Want to turn your own car into a package drop? smart “ready to drop” kickstarts a groundbreaking new service spectrum by smart. The launch was flanked by a creative session featuring three name innovators – Anna Frost, Simon Gosejohann, and Niko Woischnik.
“By 2050, the average person will spend a week stuck in traffic every year – that’s three times as much as today. Infrastructure has reached its limits,” states Dr. Eileen Mandir. “Vehicles are physical objects that often spend 23 hours per day standing idle. But they are physical objects with a surface that take up space. In future, we need to treat and consider cars like houses.”
Dr. Eileen Mandir is head of product at moovel, a Daimler offshoot dedicated to exploring future solutions for urban mobility. Yet on this sunny day at Berlin-based coworking space Ahoy!, the expert doesn’t want to focus on dystopian future scenarios. Instead, she plans to give her audience a glimpse of tomorrow’s mobile future. A future that has scope for many options and possibilities we aren’t even aware of yet.
A pool of creativity
Her small audience pays her close attention: Anna Frost from Hamburg has been running her own fashion and lifestyle blog fafine for nine years, gaining her almost 50,000 Instagram followers to date. Niko Woischnik, one of the booming Berlin start-up scene’s most prolific figures, has founded the popular Tech Open Air. And then there’s Simon Gosejohann – a presenter, actor, and most of all comedian infamous for his hilarious interventions. At first glance, there’s little obvious overlap between the blogger, the start-up networker, and the entertainer. But in their everyday lives, all three live and work with the net; they are digital citizens with flexible lifestyles.
They are here to put smart “ready to drop”, the latest service by smart, through its paces. The handy service, which turns a smart into a private package drop, enters beta testing in September. The straightforward idea behind it all: Whenever you order something from a participating online shop – the launch line-up includes Amazon, among others – your package is delivered overnight, right to your car’s trunk. And while this requires a quick retrofitting, the procedure is fuss-free and allows the courier to open your smart with a TAN code, deliver the package, and then relock the car. Not to forget: You can also have returns picked up during a delivery.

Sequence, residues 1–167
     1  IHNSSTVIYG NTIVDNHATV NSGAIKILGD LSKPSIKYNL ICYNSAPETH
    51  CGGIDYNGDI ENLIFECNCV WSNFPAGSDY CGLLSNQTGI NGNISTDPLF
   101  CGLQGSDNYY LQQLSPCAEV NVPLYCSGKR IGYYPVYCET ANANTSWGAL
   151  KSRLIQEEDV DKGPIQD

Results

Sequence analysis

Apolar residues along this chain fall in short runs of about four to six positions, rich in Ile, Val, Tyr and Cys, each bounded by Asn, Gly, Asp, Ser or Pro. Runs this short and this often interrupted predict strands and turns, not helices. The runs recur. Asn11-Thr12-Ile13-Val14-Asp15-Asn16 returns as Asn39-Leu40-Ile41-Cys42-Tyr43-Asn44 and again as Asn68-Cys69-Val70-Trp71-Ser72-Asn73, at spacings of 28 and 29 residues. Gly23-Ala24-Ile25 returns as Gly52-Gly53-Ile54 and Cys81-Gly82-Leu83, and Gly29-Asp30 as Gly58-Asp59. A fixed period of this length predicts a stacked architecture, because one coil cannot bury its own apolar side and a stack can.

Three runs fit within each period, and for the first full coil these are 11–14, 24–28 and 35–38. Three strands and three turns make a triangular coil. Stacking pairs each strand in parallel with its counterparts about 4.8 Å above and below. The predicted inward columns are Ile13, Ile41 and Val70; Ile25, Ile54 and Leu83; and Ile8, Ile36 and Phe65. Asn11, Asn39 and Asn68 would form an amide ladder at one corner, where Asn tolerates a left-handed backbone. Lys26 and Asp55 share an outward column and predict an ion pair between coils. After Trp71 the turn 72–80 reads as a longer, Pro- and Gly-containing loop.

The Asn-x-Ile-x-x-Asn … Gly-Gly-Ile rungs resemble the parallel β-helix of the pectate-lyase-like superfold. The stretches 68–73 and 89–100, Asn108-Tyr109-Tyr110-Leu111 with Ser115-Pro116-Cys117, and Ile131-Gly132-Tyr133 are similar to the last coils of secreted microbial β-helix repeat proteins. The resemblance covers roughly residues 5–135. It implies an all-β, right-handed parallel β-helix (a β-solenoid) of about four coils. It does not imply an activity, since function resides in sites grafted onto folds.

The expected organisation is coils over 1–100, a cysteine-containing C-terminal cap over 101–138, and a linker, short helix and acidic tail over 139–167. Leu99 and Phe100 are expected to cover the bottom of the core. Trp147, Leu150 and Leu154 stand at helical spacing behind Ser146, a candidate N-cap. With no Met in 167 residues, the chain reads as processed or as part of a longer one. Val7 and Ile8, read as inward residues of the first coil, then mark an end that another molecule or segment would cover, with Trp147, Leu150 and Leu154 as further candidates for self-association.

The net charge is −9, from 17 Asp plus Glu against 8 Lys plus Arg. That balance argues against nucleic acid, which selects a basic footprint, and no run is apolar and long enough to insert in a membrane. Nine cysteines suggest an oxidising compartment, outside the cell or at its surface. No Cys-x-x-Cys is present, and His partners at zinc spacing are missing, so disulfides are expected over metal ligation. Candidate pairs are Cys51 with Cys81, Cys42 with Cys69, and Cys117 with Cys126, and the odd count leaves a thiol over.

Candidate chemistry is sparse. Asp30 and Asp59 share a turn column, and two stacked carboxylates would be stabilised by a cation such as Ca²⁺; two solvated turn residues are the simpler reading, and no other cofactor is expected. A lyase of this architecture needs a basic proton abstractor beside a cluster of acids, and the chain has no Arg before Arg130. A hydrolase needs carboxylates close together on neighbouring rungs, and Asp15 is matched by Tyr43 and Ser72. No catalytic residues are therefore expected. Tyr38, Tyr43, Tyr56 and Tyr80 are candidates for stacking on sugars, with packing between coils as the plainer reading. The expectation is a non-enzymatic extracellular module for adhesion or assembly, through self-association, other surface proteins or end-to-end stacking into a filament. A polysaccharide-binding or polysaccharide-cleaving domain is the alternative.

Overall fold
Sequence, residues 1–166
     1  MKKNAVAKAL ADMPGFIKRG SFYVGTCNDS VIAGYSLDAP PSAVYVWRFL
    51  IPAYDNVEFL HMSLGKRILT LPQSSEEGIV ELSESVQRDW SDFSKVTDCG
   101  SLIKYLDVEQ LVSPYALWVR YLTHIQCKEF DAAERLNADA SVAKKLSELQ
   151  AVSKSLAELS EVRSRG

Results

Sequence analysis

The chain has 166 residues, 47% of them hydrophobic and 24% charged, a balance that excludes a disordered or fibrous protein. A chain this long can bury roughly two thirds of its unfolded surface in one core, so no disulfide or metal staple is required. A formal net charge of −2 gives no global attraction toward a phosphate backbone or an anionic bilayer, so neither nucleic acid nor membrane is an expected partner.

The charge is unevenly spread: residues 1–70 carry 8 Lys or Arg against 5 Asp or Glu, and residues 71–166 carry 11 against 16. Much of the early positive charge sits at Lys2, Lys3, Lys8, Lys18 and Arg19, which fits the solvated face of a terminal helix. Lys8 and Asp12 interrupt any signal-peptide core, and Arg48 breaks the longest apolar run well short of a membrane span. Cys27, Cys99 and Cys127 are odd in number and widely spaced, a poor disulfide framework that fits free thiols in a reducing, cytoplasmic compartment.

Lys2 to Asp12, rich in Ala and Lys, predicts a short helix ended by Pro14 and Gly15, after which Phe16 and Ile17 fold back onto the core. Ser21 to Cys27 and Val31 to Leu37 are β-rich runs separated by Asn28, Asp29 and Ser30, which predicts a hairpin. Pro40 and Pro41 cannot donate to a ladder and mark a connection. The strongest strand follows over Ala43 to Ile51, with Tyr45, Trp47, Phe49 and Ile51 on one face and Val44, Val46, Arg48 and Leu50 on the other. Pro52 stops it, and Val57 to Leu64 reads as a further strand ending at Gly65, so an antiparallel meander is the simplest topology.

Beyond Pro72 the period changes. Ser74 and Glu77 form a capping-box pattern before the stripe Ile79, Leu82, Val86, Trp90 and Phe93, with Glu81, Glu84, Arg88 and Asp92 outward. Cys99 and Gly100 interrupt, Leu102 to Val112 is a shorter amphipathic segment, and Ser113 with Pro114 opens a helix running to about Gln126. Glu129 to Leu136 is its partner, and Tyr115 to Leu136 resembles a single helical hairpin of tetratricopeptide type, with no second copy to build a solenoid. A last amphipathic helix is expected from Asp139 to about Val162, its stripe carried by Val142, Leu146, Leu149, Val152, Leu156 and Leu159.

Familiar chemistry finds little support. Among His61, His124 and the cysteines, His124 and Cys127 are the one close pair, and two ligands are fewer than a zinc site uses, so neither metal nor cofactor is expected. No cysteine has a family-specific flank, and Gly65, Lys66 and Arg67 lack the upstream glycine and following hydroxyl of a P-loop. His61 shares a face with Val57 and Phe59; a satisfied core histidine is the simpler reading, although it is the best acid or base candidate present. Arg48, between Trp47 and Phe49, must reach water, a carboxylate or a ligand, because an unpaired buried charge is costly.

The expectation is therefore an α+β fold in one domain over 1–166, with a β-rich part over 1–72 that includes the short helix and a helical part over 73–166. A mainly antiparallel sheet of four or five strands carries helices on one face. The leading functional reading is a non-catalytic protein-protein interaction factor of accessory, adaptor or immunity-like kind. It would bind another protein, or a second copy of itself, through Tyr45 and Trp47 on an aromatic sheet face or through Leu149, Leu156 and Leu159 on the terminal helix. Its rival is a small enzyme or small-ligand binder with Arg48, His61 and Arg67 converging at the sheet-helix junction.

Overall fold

A new way of thinking
Jakob Luickhardt, who was involved in developing this car-based delivery option, tells the three creative session participants about the vision behind the new service. “The grand idea behind smart “ready to drop” was to gain more time for the nice things in life,” the smart product manager emphasizes. “Right now, we’re at the beginning of an era where new technologies enter the car. In Germany, most people still think that a car needs a key.”
It’s an attitude the three innovators left behind long ago. To them, TAN codes are as familiar as service stations. The brand now wants to spread this idea to all smart drivers who are eligible for a technical upgrade from September 26th, when smart “ready to drop” launches its beta testing phase. At coworking space Ahoy!, the advantages of such a service seem obvious: more flexibility, improved efficiency, better scheduling – and a delivery method that’s easier on the environment since it takes delivery vehicles off urban roads – and out of traffic jams – during the day.
“I get a lot of private and job-related deliveries. Just a few days ago, they left three very important packages with a neighbor I simply couldn’t reach,” Anna Frost remembers. “smart “ready to drop” makes me more independent and I don’t have to be around for the deliveries. That’s a pretty sexy option.”
On the way to an accessible future
Simon Gosejohann agrees. “I drive a smart myself and the car is an incredibly effective product. I love its radical implementation and uncompromising compression, tweaked to suit everyday urban requirements. When you add smart “ready to drop”, the result is pure relief,” he ponders. “As a freelancer, I spend a lot of time at home, but the service means I don’t have to be around to receive my girlfriend’s deliveries all the time. If everything was already in place by the time I got up – perfect. I’d also sleep better if I didn’t have to worry about my Air Jordans which are still lost in transit … they’re from 1995 – do I have to say more?”
Former Amazon employee Niko Woischnik doesn’t take a lot of persuading when it comes to shaking up traditional thought patterns, either. He is convinced that mindsets are shifting – from pure ownership to accessibility, i. e. sharing and making things accessible to each other. “The future is mobile, flexible, and affordable. It will arrive more quickly than we think and it is 100% electric,” according to the tech expert. “smart “ready to drop” encourages flexibility, which carries a lot of promise. I believe in treating the car as personal space.”
This sentiment by our host – Woischnik is cofounder of Ahoy! – takes us back to the beginnings. Future mobility will not only take us from A to B. It will also highlight how the car principle can, no, needs to be reimagined. Here, the vehicle becomes an urban assistant, used by us as a package drop. What else does the future have in store for us? At the end of a thriving exchange, the three innovators ponder this notion, turning their ideas and approaches on “Are you ready to rethink mobility?” into quick pencil sketches. The results? Well, see for yourself.